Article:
The technology allows pupils to actively participate in lessons by sending electronic responses to questions, or discussion topics set by the teacher, which appear on an interactive whiteboard or projector screen. For example, pupils can be quizzed on their understanding of a particular topic or give their reactions to particular scenarios. The £250,000 Reveal Project is a two-year development and research project which focuses on the effective use of one form of e-voting system, Promethean’s Activote. The project aims to identify best practice and highlight creative ways of working. In addition, the researchers have produced a DVD as a guide to education practitioners, and to suggest how to expand use of it. The DVD, titled ‘Effective Teaching and Learning using Electronic Learner Response Systems’, was launched at the Interactive Technology in Education (ITiE) Symposium in London and is available via the project website www.revealproject.org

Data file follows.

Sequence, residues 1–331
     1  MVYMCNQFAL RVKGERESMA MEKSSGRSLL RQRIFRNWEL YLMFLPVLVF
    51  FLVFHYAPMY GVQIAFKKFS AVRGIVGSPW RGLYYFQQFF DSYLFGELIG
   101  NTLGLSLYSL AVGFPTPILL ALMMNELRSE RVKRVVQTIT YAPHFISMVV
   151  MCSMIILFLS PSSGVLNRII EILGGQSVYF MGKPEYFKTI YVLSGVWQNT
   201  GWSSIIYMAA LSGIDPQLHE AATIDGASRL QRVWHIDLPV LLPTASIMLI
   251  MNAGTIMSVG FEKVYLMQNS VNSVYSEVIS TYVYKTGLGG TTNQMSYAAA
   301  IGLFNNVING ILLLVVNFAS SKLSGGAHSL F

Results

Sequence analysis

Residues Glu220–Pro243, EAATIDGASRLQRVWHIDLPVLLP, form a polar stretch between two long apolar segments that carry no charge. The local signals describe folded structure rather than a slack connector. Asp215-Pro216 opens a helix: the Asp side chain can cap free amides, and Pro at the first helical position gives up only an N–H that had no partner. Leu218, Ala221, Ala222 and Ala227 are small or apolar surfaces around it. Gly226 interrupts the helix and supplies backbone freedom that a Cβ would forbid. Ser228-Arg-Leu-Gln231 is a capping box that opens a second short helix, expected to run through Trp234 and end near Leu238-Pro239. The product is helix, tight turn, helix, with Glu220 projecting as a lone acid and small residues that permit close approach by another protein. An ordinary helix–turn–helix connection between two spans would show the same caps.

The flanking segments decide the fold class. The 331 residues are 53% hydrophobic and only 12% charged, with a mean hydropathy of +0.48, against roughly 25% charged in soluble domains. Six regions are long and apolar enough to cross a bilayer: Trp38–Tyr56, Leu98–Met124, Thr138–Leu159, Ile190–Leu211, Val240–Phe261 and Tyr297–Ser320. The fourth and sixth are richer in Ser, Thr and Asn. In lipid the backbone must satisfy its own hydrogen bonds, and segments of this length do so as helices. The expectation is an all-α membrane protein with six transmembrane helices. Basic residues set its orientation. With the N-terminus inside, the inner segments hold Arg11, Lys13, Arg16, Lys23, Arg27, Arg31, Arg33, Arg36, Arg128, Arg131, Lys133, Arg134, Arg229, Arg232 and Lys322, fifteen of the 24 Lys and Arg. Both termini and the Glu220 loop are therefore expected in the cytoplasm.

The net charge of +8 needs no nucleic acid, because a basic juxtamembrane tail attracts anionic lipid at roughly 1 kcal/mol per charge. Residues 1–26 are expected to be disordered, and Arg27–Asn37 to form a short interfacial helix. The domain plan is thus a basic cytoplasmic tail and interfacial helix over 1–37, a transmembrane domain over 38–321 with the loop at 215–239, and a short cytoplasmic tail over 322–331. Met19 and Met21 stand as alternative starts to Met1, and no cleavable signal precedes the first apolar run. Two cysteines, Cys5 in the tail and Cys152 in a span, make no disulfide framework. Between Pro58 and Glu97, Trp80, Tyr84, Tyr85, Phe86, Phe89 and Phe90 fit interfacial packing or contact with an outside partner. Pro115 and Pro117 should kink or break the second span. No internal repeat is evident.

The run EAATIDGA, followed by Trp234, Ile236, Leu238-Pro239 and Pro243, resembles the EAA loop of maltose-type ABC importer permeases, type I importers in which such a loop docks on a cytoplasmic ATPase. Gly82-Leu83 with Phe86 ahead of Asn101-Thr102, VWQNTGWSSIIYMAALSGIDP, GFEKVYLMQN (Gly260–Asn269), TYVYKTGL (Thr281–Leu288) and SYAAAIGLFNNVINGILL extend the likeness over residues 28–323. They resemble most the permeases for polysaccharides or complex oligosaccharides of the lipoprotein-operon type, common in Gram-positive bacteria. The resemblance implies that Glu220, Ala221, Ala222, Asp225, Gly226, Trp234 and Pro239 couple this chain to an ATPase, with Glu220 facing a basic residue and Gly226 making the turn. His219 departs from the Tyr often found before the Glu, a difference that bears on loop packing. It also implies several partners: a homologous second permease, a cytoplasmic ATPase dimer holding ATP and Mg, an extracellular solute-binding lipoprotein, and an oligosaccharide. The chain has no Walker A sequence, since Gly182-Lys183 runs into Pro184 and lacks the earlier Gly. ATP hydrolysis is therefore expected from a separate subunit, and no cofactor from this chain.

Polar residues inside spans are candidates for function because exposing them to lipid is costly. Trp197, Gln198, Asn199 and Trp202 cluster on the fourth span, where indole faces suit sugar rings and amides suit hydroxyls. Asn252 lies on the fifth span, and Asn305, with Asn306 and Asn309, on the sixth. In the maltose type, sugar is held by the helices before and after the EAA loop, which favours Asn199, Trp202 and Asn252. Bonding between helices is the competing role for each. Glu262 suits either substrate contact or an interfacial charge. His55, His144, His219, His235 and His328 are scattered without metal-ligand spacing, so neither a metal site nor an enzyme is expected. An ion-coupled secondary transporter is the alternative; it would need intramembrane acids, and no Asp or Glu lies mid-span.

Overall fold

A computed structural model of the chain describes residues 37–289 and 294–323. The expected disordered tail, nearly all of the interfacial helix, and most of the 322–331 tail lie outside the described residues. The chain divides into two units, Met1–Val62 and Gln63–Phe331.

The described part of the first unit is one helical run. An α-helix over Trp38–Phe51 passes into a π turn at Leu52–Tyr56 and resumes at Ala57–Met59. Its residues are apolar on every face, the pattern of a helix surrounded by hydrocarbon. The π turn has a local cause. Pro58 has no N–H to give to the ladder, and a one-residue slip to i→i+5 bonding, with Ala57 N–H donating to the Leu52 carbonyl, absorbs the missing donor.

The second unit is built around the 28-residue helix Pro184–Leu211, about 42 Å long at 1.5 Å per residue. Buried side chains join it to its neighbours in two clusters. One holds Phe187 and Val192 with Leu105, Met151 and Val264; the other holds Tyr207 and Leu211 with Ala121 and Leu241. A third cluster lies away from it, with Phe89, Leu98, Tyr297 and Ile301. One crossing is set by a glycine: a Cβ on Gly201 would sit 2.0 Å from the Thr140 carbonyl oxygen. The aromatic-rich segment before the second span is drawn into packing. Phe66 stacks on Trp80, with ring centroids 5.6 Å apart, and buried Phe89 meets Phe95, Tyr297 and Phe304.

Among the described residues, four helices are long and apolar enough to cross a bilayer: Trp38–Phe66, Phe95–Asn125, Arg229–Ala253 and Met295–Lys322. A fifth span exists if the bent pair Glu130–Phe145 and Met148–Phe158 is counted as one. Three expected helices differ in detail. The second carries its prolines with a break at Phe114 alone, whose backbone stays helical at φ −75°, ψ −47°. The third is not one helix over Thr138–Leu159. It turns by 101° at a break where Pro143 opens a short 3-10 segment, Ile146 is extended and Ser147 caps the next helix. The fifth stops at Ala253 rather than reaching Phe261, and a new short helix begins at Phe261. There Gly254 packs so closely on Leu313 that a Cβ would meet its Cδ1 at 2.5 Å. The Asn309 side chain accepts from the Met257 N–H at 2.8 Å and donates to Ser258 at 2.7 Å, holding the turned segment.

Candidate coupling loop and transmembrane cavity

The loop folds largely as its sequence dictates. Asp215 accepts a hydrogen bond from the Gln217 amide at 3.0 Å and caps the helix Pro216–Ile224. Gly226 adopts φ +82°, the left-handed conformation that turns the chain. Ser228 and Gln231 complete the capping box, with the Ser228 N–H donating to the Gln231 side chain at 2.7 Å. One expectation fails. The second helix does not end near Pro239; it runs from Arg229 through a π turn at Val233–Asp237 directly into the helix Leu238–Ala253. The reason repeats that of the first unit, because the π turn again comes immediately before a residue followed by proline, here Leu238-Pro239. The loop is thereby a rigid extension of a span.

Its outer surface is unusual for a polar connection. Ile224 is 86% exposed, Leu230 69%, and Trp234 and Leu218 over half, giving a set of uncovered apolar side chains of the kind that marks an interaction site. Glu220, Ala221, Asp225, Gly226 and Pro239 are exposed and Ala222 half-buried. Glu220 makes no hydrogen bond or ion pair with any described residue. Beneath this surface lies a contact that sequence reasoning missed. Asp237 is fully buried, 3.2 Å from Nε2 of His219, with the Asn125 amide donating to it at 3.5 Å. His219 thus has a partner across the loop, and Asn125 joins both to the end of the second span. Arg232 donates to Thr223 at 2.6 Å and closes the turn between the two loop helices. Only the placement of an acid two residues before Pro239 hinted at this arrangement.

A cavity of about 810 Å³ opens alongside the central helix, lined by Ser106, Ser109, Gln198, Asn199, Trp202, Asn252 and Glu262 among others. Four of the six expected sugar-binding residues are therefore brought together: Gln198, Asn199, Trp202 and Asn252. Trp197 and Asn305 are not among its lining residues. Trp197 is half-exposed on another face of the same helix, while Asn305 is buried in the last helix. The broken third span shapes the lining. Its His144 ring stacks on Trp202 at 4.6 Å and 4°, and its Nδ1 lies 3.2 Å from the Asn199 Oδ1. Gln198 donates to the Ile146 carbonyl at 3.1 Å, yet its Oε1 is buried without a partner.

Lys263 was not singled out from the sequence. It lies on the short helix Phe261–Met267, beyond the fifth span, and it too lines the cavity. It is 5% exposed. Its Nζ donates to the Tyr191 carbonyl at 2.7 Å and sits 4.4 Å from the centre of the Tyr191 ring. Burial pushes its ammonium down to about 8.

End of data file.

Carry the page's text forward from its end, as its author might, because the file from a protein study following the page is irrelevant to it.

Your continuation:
• Practitioners should be encouraged to have more talk time, thinking time and jotting time to develop ideas with the pupils • Many pupils like the lack of writing and there are times when this can help to prepare learners for a challenging task ahead • Pupils like the anonymity when using the technology • Many practitioners need support in order to judge their own progress and need guidance on how to move forward with its use. The team, which also includes Lead Researcher Helen Sargeant, has developed a detailed model, ‘The Response Technology Pyramid’. This tool supports schools in successfully introducing and developing classroom practice using their learner response devices. Filming for the 50-minute documentary-style DVD took place in schools in Newham, Hartlepool, Lancashire, Staffordshire, and